nancy joslyn

Posted on Tue Feb 19 23:03:23 GMT 2013

dka as a mother of a type 1 diabetic those are 3 letters i have to say that strike terror in my heart it strikes so fast and furious an er trip then icu waiting for blood values feeling the disease owns you

Adrianne

Posted on Wed Feb 20 00:20:18 GMT 2013

So sorry to hear this. I as well went thru this 3 years ago. I had the stomach flu and was nursing my 3 month old...a horrible combination to stir up dka for a type 1! Although the experience was scary it makes you realize you never want to get that sick ever again! To this day I stay keenly aware of everything...maybe too much but I'm proud of it!! Take care!!

Naomi

Posted on Wed Feb 20 01:35:54 GMT 2013

Thank you so much for sharing your personal stories and encouragement for Katie since she so openly shared such a difficult experience in her life. You are each so special and strong in your own unique ways!

Wendy

Posted on Wed Feb 20 05:10:40 GMT 2013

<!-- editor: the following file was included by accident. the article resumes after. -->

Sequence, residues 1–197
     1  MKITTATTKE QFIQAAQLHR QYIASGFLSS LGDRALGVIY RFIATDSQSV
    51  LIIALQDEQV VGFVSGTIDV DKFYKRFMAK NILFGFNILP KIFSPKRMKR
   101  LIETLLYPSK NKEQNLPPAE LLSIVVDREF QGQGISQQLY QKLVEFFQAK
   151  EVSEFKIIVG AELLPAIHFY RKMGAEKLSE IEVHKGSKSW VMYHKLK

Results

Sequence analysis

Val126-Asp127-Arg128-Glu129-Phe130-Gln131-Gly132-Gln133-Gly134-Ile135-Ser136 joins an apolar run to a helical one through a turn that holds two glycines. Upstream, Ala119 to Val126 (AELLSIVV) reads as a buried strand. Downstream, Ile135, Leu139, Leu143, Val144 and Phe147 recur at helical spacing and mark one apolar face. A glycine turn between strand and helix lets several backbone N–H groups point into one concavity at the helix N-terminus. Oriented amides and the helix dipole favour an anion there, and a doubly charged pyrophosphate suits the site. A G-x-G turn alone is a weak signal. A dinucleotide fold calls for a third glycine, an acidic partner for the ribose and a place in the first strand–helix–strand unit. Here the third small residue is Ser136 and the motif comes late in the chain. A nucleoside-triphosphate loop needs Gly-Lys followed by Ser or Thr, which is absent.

So sorry you have had to go through this. It is one of the scariest times of your life. I know....been there. Nov 2010, I had sudden onset of diabetes.....diagnosed as type 2. BS over 500. Placed on oral medication with little result...BS 300's. Added an injectable prescription medicine 2 weeks later and became sicker over the next 2 weeks. One nite ...just a month after being diagnosed as a diabetic, I was so sick that whatever conversation I had with my mom on the phone that nite had peaked her mother's intuition ....she knew something wasn't right & she came to my home to find me a lump in my bed.....so sick I could barely move. Mom took me to the ER......where they found that I was in DKA & about to slip into a coma. Spent 9 days in ICU....most of which I don't remember. Further testing showed that I was really type 1 diabetic....not type 2. But it was all very new to me....I didn't know a thing about DKA...didn't know what signs to be aware of. And who would have thought type 1 new onset at age 38. Scariest time in my life. I still shutter to this day knowing how close I was teath. All I can say is stay strong sweet girl. Katie. Education is our best prevention!! God Bless!!